3. Unemployed or Underemployed. The first reason needs no explanation. Underemployed candidates are a different story. These folks often took the first job they were offered when our economy hit the skids. They are now looking to a stronger job market to help get them back to the level they were at before the recession hit. In addition, we often hear from this group that they are bored and there aren't any new responsibilities they can take on at their current organizations. This sentiment is reiterated in #5 below.
4. Work/Life Balance. This reason often goes hand in hand with commute. Those clients who have kept their headcount low during the economic downturn and haven't increased their staff as the market improved have often added more responsibilities in an effort to increase productivity per employee. Those same employers now risk losing their employees to a competitor who can offer a better work/life balance.
5. Lack of Upward Mobility/Growth. As the economy has improved and as more jobs become available, those candidates that can't grow with their current employer often believe they have a better chance of climbing the ladder at another company
The Candidate You Should Never Interview
There is only one reason we have consistently determined to be a poor one when looking for a new job. When we meet a candidate who says they are really happy at work, that they love their job, love their co-workers and their manager, that they couldn’t have asked for a better corporate culture, that they have a great work/life balance and the commute is perfect BUT the only thing that they want is to make more money……this is a huge red flag and a show stopper for us when we pre-screen candidates.
Why shouldn’t you entertain this candidate? Consider this: as the 'new' employer you would have to replicate all the things this employee loves about their current job WHILE also boosting their salary significantly (the only reason they would consider leaving in the first place) to get them to leave their current job. And, if by some chance you were able to check off all of their boxes and potentially provide them with all of the things they love and have with their current employer, get ready for the counter-offer battle of battles.
Take a step back and look at this scenario from this point of view: As the ‘new’ employer, you have no real history or track record with this candidate. He likes you, he likes what he has heard about your company and the opportunity but he doesn't really know you like he knows his current employer (who, did we mention, he loves??) And, he or she isn't giving his notice to you. He's giving it to people that he again, loves. Because you don't currently work with the new hire every day, unlike his current employer, you won’t get the opportunity once he gives notice to continually convince him day in and day out to come join you at your organization. Guess who does get that opportunity and will be relentless in reminding him of the great thing he's got going? We could go on and on with more examples that lead to a low probability that this candidate will leave his current employer to come work for your firm but we think you get the picture. The problem here is that you weren't on a level playing field from the get go. It isn't that your company isn’t wonderful or that the job opportunity isn’t fantastic. It's just that this candidate wasn't unhappy in the first place. All the really important criteria that people want in their jobs was already in place for him before he started exploring other opportunities.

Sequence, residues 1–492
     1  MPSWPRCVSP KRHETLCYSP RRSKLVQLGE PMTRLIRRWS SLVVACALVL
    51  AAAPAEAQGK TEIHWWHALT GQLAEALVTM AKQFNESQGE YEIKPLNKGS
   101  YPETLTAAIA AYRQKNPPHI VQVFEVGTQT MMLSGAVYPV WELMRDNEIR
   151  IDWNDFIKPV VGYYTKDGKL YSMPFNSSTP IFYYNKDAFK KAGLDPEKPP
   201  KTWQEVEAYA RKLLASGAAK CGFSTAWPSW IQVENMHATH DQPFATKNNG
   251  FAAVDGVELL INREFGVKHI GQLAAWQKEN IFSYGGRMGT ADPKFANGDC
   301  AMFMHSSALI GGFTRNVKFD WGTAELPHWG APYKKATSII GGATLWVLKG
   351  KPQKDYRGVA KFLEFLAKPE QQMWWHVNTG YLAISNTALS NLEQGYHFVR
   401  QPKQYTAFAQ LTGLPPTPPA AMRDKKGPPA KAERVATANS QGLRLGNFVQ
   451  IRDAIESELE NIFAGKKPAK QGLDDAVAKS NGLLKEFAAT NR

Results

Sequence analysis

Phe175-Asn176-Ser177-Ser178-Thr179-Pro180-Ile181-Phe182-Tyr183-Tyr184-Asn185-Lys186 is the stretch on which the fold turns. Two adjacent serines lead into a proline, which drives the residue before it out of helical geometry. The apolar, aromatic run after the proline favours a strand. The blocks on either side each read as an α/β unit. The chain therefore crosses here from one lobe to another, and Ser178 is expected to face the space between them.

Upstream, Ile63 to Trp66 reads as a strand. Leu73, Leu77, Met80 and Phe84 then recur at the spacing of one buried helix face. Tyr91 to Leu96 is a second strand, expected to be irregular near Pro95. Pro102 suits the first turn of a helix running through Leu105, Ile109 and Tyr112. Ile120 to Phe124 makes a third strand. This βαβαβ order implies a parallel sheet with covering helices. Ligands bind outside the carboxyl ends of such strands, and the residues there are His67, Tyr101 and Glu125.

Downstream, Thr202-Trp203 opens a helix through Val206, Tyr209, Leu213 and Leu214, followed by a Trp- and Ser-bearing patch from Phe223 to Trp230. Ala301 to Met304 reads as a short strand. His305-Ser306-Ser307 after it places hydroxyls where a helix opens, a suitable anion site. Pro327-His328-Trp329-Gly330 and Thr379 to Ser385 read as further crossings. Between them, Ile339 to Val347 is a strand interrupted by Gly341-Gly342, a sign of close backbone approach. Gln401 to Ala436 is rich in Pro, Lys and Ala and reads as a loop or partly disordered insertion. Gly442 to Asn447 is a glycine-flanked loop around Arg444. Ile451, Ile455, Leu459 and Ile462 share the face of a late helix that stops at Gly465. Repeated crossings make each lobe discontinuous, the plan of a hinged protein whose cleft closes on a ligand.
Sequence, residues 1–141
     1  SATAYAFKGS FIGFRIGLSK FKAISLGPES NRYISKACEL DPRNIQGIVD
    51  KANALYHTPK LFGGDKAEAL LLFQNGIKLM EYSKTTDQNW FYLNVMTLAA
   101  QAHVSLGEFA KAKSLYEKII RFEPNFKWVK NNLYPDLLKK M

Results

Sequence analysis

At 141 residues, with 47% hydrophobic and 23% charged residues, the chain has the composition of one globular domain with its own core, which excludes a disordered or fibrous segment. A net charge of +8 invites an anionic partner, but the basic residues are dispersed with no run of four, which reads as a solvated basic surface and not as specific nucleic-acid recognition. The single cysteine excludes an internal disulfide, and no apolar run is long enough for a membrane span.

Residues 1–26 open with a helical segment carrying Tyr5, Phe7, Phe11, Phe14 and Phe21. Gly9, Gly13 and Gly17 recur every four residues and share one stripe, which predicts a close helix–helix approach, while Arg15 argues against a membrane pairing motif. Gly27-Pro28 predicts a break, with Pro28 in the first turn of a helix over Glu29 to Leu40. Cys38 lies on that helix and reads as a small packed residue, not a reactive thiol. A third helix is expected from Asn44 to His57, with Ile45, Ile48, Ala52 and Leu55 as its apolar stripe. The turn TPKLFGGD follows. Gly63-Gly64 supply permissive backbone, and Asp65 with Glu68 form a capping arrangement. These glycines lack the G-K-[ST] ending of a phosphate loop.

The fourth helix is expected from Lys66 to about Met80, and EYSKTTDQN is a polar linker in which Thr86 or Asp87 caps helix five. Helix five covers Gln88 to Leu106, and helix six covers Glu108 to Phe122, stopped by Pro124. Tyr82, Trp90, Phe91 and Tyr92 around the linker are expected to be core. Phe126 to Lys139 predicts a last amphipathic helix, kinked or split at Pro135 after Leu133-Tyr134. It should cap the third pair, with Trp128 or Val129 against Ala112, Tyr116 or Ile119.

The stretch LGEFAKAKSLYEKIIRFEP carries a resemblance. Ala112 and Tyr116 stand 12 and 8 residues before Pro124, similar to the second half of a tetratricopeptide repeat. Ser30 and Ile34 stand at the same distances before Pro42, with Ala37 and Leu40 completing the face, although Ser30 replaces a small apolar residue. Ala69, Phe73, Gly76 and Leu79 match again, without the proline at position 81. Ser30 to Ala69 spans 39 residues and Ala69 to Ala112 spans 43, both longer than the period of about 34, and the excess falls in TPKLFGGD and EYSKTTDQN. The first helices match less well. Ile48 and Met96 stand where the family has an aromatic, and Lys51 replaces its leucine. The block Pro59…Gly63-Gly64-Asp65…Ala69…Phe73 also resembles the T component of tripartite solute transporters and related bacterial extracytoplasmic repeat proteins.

In a market with a shallow candidate pool, current managers are going to fight hard to keep employees on their team and chances are likely that they are going to win this battle with their happiest employees. And how? By reminding him of all the great things the company offers him (which he already knows and believes) AND by giving him the increase in pay he wanted in the first place. At the end of the day, you've spent a lot of time and energy to help this candidate 'create competition' and get an increase in salary, which is the only reason he was looking to leave in the first place. A huge disclaimer here: it is not a bad thing to want to earn more money! But it's the wrong reason to look for a new job if that's the only reason a person gives for wanting to explore the job market.
With these words of wisdom for Q4 2014, we wish all of you the very best for the rapidly approaching holiday season and New Year. If your organization is looking for talent in Q4 or anytime during 2015, please reach out to us with any questions you may have or to engage us in a search for perm or contract hires.
If you know anyone interested in seeking new employment, we would be happy to have a conversation with them to see if we can be a good resource in helping them continue to shape their careers.
Dina Gardner and the Gardner Resources Group Team
Dina Gardner, President
Gardner Resources Group
508-485-3120 or 508-626-1399